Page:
Lyft Is Getting a Slap on the Wrist for Misleading Prop 22 Ads

California's Fair Political Practices Commission is proposing a $3,371 fine for Lyft, which saw its market value soar by the billions after Prop 22 passed.
Lyft Gets a Slap on the Wrist for Misleading Prop 22 Ads
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California's Fair Political Practices Commission is proposing to fine Lyft for failing to properly disclose it paid for advertisements supporting Proposition 22.

The proposed fine of $3,371, however, is merely a slap on the wrist compared to the enormity of what Lyft spent to convince voters to push through the law—and what it gained.

Backed by Uber, Lyft, DoorDash, and other app-based gig companies, the Yes on Prop 22 campaign spent nearly $205 million to pass a carve out they wrote that granted an exemption to California labor laws requiring they stop misclassifying their drivers and couriers as independent contractors. In the final days of the campaign, the Wall Street Journal pegged the campaign’s ad spend at $82 million. Lyft itself spent over $48 million on the campaign.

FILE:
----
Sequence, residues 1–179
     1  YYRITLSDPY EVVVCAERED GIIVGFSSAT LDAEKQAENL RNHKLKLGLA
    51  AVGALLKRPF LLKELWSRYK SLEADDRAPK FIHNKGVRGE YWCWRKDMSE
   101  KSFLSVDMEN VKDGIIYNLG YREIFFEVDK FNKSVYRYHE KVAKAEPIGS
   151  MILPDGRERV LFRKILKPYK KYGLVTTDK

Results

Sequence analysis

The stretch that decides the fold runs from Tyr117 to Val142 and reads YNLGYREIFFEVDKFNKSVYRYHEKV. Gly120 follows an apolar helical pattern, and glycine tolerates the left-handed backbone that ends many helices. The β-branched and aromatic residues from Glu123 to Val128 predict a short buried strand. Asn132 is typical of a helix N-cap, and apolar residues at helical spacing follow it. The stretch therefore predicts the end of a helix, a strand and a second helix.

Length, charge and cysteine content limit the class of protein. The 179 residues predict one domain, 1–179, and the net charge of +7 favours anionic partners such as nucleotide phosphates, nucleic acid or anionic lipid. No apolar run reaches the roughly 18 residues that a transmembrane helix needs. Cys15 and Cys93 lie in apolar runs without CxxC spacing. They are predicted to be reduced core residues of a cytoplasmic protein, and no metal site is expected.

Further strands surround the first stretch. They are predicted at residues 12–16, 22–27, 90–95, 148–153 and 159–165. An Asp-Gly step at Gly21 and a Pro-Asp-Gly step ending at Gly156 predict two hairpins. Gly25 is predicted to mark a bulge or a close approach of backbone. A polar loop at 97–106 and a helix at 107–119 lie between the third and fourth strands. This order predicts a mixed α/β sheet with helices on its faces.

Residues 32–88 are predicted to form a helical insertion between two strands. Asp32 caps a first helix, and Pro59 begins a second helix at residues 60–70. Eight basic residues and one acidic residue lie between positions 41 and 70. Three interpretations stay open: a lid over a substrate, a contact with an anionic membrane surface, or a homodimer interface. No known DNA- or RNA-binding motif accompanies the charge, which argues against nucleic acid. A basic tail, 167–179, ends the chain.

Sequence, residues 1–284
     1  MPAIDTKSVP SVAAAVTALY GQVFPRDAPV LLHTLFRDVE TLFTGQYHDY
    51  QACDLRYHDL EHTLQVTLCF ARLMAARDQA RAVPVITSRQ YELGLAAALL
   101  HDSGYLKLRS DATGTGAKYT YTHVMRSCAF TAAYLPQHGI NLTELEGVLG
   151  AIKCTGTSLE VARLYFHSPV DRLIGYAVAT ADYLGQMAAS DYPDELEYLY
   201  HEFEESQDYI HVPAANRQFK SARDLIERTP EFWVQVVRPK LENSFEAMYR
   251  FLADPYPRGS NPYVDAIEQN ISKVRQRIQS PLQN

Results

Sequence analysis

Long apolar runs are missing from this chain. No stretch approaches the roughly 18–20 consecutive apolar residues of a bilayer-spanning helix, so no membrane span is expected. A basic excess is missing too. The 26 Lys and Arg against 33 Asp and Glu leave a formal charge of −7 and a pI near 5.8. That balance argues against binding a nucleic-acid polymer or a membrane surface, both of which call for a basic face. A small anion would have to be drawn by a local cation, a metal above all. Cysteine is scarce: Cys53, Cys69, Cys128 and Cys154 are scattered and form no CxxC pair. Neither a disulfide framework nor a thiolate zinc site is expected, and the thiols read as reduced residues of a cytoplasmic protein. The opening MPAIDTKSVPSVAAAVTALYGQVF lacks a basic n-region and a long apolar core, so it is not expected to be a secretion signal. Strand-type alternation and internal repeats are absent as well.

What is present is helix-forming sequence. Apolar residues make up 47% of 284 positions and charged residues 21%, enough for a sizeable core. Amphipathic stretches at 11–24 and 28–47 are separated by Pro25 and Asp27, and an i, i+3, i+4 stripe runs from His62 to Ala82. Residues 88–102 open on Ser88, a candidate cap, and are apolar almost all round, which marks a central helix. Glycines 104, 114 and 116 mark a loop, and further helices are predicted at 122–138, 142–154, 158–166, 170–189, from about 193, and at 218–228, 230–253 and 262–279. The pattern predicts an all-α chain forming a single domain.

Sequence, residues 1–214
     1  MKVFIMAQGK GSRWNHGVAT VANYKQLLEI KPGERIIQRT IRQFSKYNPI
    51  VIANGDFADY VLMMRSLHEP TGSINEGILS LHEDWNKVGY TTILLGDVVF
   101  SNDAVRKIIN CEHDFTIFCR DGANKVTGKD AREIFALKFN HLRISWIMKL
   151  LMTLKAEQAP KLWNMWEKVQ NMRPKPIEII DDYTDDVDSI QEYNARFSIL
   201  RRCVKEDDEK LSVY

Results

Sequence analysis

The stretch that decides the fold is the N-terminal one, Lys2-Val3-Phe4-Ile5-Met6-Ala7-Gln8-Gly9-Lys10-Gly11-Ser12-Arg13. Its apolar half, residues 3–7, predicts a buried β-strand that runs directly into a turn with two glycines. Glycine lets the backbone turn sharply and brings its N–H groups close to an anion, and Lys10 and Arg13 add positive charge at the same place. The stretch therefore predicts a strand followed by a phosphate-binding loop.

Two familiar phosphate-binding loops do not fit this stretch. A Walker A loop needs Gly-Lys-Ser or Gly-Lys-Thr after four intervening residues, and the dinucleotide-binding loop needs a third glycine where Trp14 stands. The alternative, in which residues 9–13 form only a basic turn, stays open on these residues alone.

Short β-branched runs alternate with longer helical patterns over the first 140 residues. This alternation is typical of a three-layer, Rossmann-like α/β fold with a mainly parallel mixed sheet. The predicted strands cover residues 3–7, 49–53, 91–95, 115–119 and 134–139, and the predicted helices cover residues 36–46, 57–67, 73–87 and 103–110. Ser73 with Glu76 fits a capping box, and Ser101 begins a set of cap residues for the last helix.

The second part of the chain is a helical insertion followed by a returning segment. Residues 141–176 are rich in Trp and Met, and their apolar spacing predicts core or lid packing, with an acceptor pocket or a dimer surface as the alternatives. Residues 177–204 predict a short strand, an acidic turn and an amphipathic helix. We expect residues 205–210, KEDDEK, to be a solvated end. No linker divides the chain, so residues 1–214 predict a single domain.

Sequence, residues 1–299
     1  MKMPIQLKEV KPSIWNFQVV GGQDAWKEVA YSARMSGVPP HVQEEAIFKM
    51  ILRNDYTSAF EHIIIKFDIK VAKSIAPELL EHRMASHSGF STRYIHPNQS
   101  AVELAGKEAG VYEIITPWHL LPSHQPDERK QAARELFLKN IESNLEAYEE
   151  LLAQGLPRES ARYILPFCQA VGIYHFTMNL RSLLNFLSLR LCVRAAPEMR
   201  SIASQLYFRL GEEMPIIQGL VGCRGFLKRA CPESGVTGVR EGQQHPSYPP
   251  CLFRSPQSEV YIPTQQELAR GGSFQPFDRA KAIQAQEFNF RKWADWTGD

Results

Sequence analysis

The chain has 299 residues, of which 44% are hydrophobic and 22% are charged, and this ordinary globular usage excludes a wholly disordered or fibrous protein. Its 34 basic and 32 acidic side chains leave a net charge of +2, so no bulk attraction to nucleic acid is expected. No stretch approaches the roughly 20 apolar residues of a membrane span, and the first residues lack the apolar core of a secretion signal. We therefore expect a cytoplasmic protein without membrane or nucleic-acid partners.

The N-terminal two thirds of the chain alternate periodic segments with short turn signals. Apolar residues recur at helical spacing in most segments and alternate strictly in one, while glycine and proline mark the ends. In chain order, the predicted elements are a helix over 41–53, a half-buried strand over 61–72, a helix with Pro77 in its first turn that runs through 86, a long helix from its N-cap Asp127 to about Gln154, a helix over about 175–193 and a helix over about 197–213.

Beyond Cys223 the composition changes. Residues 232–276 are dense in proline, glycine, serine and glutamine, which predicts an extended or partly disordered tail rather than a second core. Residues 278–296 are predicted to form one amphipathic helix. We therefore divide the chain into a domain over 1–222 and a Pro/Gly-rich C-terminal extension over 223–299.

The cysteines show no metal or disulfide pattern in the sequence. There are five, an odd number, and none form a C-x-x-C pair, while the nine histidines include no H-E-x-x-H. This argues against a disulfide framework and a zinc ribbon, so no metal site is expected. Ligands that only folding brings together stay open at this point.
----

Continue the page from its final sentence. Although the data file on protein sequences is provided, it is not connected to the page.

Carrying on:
Prop 22 was a massive boon to gig companies. Shortly before the November 3 vote that passed Prop 22, Lyft's market value was near an all-time low and hovering around $7 billion. Less than a week after, it gained nearly $5 billion in value. Today, it sits at nearly $17 billion.

According to an FPPC spokesperson, the Commission is fining Lyft because it “failed to include the proper advertisement disclosures on electronic media and text message advertisements.” Lyft is being fined $1,499 for email advertisements that were missing a "paid for by" disclosure, $936 for robocalls and text ads missing or providing an incorrect name, and another $936 for robocall or text ads missing a "paid for by'' disclosure.

The fine was determined under what the FPPC calls a "Streamline" settlement program, which uses different metrics and formulas to determine what violations will end up costing the offending party. The method, as the name suggests, streamlines the process and reduces the resources needed, but it also bypasses the need for the full Commission (a five member, non-partisan appointed body) to vote and approve decisions. 

One of the tradeoffs, however, is that we are not exactly made privy of how the fine amount was arrived at nor does it seem to be a satisfactory sum. This fine, also, does not seem to cover the deceptive Yes on Prop 22 mailers that masqueraded as materials sent by progressive groups and public political figures.

As app-based gig companies ramp up their nationwide campaigns and as resistance mounts against them, it is an open question whether regulators will not only actually take aim at the companies, but if they will have the tools to do so in the first place.